NOTICE

NOTICE

Saturday, July 1, 2017

Awareness of race is not racism, awareness of abuse doesn't make you an abuser

There is a tendency of people in the present to judge you for what you are entertained by.  I am not
sure that is fair, because I think the reader is well able to discern right from wrong, and not be "recruited" into different world views due to fiction.

I've heard many people say that Robert E. Howard was racist.  They read his stories and see the black man, the yellow man, the white man.  Those are terms for race within the human species.  But Robert E. Howard identified with the barbarian.  He believed that the various races had qualities and talents, and he never made a whole race wrong for an act or beliefs stated by a single person of that race.  He believed that we were different, but he did not say, the one was better than the other.  Only in the area of civilized society versus barbarian society, where he clearly believed that the barbarian was honest if not polite, and the civilized person was polite, but not necessarily honest. 

I've heard similar comments about the women in RE Howard's works.  And I think that is a load of crap as well.  He was a male, and wrote women from a perspective that might not have been true, but it for certain was not one of women are less than men.  Conan's days with Belit of the Black Coast saw him as subordinate to a queen pirate.  The various women his heroes rescued, if they did were not lesser for being rescued, but needing help.  I am not blind to sexism, but most people see it in the case of Robert E. Howard, where it does not exist.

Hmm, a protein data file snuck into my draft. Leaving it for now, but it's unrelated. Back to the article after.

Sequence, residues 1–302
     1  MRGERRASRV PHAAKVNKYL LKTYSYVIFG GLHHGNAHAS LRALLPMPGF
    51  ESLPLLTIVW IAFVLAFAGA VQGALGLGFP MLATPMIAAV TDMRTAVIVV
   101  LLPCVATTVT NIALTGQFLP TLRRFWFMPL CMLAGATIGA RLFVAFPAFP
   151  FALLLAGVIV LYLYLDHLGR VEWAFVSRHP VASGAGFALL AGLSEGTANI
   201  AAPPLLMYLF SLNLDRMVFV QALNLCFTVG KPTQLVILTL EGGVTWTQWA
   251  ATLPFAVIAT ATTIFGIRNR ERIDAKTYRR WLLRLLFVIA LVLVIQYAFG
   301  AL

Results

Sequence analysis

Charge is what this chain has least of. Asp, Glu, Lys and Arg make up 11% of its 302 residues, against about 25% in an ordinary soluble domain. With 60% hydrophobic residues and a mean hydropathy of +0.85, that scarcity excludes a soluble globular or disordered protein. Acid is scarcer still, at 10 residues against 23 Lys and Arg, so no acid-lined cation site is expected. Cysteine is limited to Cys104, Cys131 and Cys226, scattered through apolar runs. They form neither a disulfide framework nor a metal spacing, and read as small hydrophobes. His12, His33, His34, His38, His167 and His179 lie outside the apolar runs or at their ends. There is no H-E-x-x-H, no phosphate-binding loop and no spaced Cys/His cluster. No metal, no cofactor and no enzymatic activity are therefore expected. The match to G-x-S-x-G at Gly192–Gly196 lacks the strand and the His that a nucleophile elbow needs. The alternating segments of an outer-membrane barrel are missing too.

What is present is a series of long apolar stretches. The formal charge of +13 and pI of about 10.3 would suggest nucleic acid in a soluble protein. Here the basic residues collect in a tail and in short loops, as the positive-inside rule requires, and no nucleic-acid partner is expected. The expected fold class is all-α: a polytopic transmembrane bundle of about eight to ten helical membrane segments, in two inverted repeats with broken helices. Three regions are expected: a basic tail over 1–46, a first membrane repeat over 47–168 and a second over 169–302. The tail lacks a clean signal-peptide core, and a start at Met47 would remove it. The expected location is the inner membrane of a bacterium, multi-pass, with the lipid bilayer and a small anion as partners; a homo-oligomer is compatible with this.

On the other hand... John Norman, author of Gor wrote, and still writes a series of books featuring the counter Earth planet GOR.  The world itself is an analogue for our world, only Gor is trapped in permanent dark ages due to certain intrigues by people in the shadows.  The story begins with an educated man being swept away to this counter Earth.  There, the man of letters and intellect is forced to become a warrior, and encounters a world where the only laws are the survival of the fittest, and men are superior to women.  I am not going to argue that John Norman isn't a sexist or anything of the sort.  But I don't think if a person reads the stories that it means they are in favor of evil or bestial behavior.  And, honestly, and this might not go over well, I think that if John Norman had written the same story with men subservient to women, it wouldn't have sold as well, and it would not have been controversial.   I read the first half of the books of the series.  I get weird looks when I acknowledge that I have read them.  But I am not, by any means a sexist.  My wife is the bread winner, I love women, I treat them with respect, and I think they are awesome.  As a general thing, that is.

But I want to say, beginning the series you are able to carry on innocent fantasy, but by book 10 or 12, the enslavement of the women is so obvious it is hard to deny.  As such, the more it seemed to revel in the darkness and gender inequity, the less I was able to enjoy the imaginary world I was viewing.  By the book 12 of the series I said wow, I just read the last of the books I will read of this series.  John Norman is not known to be a bully or asshole in person.  He had a long marriage and children.  And he taught philosophy in college for a very long time.  In other words, I don't think he necessarily enjoyed the concept, but was using it as the dominant world system.  Or maybe he did.  I don't know, but just by reading it I do not automatically become a sexist, or a racist, or anything.  I'd didn't join the fucking empire after watching Star Wars, damn it.


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